Speculative Fiction Saturday: The Final Cut

Final CutLately, I have been reviewing films that are more fantasy than science fiction. This is good, since I like to talk about speculative fiction films that discuss how technology can change society, and it usually isn’t in a good way.

The Final Cut would probably be one of those, but I don’t think I feel comfortable classifying it as science fiction. I mean, it takes place in the future, and it deals with advanced technology (tech we don’t yet have). The Final Cut doesn’t show a future of flying cars or towering buildings, but it does have an interesting film noir look. Most of the technology is made of wood and glass, and I guess the best comparison would be Gattaca, which maybe I’ll discuss at some other time.

The Final Cut is about Robin Williams, and he plays a guy that has some inner joy that is not understood by the society around him and is therefore shunned. No, but that is his movie formula. In this film, he plays a really sad, sad guy. Seriously, I don’t think he smiles once, and I just know he was repressing one of his horrific stream-of-consciousness routines.

Anyway, Williams plays a cutter, a guy who essentially takes taped videos from memory implants and edits them together for a final viewing funeral or “Rememory”. This is a pretty far-out premise, and the film begins with three laws, like an Isaac Asimov robot story. In all honesty, it sort of confused me. Oh, before these laws, there is a scene where a child Robin Williams took part in killing another kid.

One day, when Williams is editing some guy’s footage and discovers that the kid he supposedly help kill has grown up to be an adult. Yes, it is pretty weird that he recognizes him as an adult, but apparently, this kid’s death had always haunted him and he spends the rest of the film trying to find out who this mystery man is.

Mixed up in this plot are people who protest against this new memory implant technology. These people wear tattoos that block their memory implants, so their memories will never be put on tape. I actually see that as a realistic response to this conjectured technology, and this is one of many plot twists in this film.

I found this film was somewhat hard to follow, but I can’t say that I hated it. I’m not exactly in a rush to watch it again to catch things that I missed last time. I think it is a brilliant concept for a film, but it doesn’t look like it well-remembered.

Incipio Part 4: The Stashback for the iPhone 5

Incipio StashbackI have been seeing a lot of smartphone cases, and they usually have one thing in common: they can store cash and credit cards. I am talking about cases like the QCard case by CM4.

I can see why. People want less pocket bulk, and if you only need your wallet for credit cards and your driver’s license, why bother with a wallet. Of course, Incipio has a bunch of products ready for this new age of digital wallets with the Stashback.

I had a chance to try out the Stashback for the iPhone 5. I will have to say that I have seen smartphone cases with credit card pockets before. The Stashback has a place to store credit cards on the inside rather than outside.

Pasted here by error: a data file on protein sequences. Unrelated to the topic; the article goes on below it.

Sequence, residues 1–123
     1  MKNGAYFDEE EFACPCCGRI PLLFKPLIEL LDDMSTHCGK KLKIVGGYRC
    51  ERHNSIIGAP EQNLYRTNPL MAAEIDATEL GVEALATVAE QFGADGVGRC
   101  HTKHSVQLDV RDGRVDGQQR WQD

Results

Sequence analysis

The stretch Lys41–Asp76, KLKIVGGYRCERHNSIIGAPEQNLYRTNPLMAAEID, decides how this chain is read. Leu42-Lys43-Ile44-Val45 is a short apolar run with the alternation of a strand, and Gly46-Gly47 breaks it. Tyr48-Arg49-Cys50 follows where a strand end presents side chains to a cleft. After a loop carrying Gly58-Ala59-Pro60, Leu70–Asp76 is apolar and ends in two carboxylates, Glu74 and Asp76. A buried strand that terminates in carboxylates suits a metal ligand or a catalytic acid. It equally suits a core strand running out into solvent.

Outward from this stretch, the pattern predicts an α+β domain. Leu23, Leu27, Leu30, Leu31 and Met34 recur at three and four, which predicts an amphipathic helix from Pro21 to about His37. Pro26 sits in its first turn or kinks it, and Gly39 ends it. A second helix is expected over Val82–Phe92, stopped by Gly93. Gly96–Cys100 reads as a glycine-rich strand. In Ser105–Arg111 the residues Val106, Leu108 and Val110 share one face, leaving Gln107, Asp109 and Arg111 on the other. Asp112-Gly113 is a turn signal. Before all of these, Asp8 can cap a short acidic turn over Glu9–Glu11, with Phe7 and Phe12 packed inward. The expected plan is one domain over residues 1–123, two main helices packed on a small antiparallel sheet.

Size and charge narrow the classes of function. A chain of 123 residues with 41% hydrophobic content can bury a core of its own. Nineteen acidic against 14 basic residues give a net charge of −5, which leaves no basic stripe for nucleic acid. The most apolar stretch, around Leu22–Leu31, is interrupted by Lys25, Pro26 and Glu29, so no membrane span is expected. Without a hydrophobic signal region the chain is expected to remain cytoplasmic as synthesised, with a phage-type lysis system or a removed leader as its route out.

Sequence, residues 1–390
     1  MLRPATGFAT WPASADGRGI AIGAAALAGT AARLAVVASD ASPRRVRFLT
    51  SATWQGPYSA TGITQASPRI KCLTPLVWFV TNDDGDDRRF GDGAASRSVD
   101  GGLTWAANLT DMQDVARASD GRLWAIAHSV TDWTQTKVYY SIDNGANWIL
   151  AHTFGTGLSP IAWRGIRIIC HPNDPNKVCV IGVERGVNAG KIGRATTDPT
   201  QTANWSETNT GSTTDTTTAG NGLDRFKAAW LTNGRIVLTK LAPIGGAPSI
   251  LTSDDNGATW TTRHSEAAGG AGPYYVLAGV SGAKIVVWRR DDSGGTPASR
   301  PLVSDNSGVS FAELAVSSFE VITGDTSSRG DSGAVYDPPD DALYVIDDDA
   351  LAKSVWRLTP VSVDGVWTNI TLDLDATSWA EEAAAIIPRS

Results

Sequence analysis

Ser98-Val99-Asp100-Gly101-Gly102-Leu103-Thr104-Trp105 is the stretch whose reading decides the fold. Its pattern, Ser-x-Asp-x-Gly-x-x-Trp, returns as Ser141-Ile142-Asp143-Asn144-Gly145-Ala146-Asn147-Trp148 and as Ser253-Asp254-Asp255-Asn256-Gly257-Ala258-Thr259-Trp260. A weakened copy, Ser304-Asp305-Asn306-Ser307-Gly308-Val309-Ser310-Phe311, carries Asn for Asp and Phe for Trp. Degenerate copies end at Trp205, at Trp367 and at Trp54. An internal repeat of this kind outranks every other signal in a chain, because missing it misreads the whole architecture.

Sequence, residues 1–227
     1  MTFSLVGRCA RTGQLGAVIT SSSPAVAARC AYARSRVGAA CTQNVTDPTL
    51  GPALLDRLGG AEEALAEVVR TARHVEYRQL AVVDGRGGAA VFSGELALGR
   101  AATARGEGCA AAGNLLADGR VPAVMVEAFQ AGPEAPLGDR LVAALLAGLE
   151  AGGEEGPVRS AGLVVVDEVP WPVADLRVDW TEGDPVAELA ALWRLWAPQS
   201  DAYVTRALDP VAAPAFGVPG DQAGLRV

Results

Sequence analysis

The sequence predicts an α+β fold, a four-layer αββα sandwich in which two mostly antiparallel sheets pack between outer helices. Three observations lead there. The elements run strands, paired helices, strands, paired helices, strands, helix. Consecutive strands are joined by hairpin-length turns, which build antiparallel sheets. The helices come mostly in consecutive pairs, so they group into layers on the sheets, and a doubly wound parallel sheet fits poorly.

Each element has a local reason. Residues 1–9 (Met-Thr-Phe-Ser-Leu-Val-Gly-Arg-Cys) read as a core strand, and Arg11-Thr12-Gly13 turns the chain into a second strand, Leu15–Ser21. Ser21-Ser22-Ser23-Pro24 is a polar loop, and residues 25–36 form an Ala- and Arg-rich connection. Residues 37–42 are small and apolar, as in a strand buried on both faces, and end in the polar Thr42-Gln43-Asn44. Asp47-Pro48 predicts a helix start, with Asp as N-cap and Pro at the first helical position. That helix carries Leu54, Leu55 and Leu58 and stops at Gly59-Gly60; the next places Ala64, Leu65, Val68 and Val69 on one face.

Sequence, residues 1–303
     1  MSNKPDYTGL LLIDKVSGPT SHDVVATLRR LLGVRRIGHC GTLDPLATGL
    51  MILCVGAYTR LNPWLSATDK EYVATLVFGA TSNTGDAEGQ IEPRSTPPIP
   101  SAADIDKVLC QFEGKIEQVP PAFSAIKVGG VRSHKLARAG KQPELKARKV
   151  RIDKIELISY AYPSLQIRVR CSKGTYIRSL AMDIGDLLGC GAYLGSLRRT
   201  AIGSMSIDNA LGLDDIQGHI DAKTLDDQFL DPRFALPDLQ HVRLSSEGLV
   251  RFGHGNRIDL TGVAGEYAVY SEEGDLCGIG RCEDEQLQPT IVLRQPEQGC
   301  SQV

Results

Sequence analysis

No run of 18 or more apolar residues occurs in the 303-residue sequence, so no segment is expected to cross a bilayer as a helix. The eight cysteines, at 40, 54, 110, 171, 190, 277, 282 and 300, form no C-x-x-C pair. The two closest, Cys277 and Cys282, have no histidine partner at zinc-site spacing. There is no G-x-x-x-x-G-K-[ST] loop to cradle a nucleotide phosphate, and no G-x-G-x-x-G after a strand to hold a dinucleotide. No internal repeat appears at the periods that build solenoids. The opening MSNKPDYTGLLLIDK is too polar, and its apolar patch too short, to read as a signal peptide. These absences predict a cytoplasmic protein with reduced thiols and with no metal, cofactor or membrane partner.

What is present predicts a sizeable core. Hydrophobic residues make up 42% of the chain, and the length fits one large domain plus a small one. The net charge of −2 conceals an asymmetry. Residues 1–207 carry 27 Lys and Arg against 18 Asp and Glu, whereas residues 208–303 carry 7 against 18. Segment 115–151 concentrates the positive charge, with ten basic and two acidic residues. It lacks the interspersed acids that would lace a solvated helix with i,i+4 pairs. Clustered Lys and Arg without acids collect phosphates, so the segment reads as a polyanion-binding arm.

It also has a Rigid Plextonium frame like the Lexington for the iPad Mini, another fine Incipio product. You can purchase it on the Incipio site for about $39.99, in five assorted colors.

Hands on with the Optrix PhotoProX

photo-pro-x-6-325x325I have been reviewing a lot protective cases for the iPhone 5 like the Incipio ATLAS (see last review), and I have also been reviewing some interesting lenses for the iPhone 5 like the Olloclip. The Optrix PhotoProX is sort of a combination of both.

As you can see from the picture, the PhotoProX come with four lenses. What you don’t know is the four types: Low Profile, Macro, Fish-eye, and Telephoto lens. All you need to do is screw them on, and you can take some pictures with some interesting and clearer points-of-view. For example, the Macro is good for some cool close-ups that you can’t get before.

All that is required is to insert the iPhone 5 into the transparent housing and close it up. It is waterproof up to 33 feet, and IPX8 rated for water immersion. So a whole world of underwater photos will soon be available to you.

Now I tested it out, and I made certain that what came out was perfectly dry. I made certain to test it by putting one of these included small rubberbands on the lens so it makes a completely water-tight seal. I highly recommend doing the same when you try it out.

Not only does the protective case keep your iPhone 5 protected from 30 foot drops, but it is designed to be mount ready. Yeah, you’ll have to buy the mounts separately. I’m not certain why it doesn’t have the standard female screw-in thing, but hey.

You can find the PhotoProX on the Optrix site for $149.95.

Incipio, Part 3: The ATLAS for the iPhone 5

Incipio Atlas 2It seems like I have been seeing a lot of these rugged cases made for smartphones. Hopefully, you know of brands like Otterbox and Lifeproof, but have you heard of the ATLAS by Incipio?

If you haven’t, then you really should. It is another fine Incipio product designed to protect against water, dirt, and drops. It is definitely ready for the person who likes a little adventure in your life.

The ATLAS has a Plextonium hard shell frame. Lately I have been using that “Plextonium” word a lot in my reviews of Incipio products. I don’t really see it on the Table of Elements, but it is pretty tough.